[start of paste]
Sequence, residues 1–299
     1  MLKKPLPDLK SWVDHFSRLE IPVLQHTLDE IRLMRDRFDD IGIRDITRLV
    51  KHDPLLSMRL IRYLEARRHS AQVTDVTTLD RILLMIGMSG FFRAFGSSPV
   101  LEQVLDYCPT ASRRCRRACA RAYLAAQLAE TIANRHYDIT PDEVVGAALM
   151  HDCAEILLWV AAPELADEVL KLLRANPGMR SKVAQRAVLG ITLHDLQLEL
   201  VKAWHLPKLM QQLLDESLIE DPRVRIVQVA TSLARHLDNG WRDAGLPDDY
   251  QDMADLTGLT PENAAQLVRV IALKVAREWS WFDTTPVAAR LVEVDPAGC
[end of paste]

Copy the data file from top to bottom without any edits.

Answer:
Sequence, residues 1–299
     1  MLKKPLPDLK SWVDHFSRLE IPVLQHTLDE IRLMRDRFDD IGIRDITRLV
    51  KHDPLLSMRL IRYLEARRHS AQVTDVTTLD RILLMIGMSG FFRAFGSSPV
   101  LEQVLDYCPT ASRRCRRACA RAYLAAQLAE TIANRHYDIT PDEVVGAALM
   151  HDCAEILLWV AAPELADEVL KLLRANPGMR SKVAQRAVLG ITLHDLQLEL
   201  VKAWHLPKLM QQLLDESLIE DPRVRIVQVA TSLARHLDNG WRDAGLPDDY
   251  QDMADLTGLT PENAAQLVRV IALKVAREWS WFDTTPVAAR LVEVDPAGC